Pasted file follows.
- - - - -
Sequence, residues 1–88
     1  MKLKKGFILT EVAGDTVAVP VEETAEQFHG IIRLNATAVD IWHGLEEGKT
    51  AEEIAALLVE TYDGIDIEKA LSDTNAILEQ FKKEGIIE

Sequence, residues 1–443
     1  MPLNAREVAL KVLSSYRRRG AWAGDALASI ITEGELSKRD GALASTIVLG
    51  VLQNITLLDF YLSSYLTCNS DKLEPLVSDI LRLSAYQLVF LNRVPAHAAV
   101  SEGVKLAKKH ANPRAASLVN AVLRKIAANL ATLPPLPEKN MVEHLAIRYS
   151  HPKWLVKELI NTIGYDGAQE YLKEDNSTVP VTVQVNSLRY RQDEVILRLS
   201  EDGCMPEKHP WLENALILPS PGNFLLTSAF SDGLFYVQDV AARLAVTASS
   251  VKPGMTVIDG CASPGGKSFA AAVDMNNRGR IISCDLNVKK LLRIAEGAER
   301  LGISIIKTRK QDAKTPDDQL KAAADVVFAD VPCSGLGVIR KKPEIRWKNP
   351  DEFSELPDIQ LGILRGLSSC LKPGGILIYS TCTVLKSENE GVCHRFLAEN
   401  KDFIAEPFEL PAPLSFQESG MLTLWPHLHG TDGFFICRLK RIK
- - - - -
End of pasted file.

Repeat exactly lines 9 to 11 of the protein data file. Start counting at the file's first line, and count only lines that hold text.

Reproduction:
   201  EDGCMPEKHP WLENALILPS PGNFLLTSAF SDGLFYVQDV AARLAVTASS
   251  VKPGMTVIDG CASPGGKSFA AAVDMNNRGR IISCDLNVKK LLRIAEGAER
   301  LGISIIKTRK QDAKTPDDQL KAAADVVFAD VPCSGLGVIR KKPEIRWKNP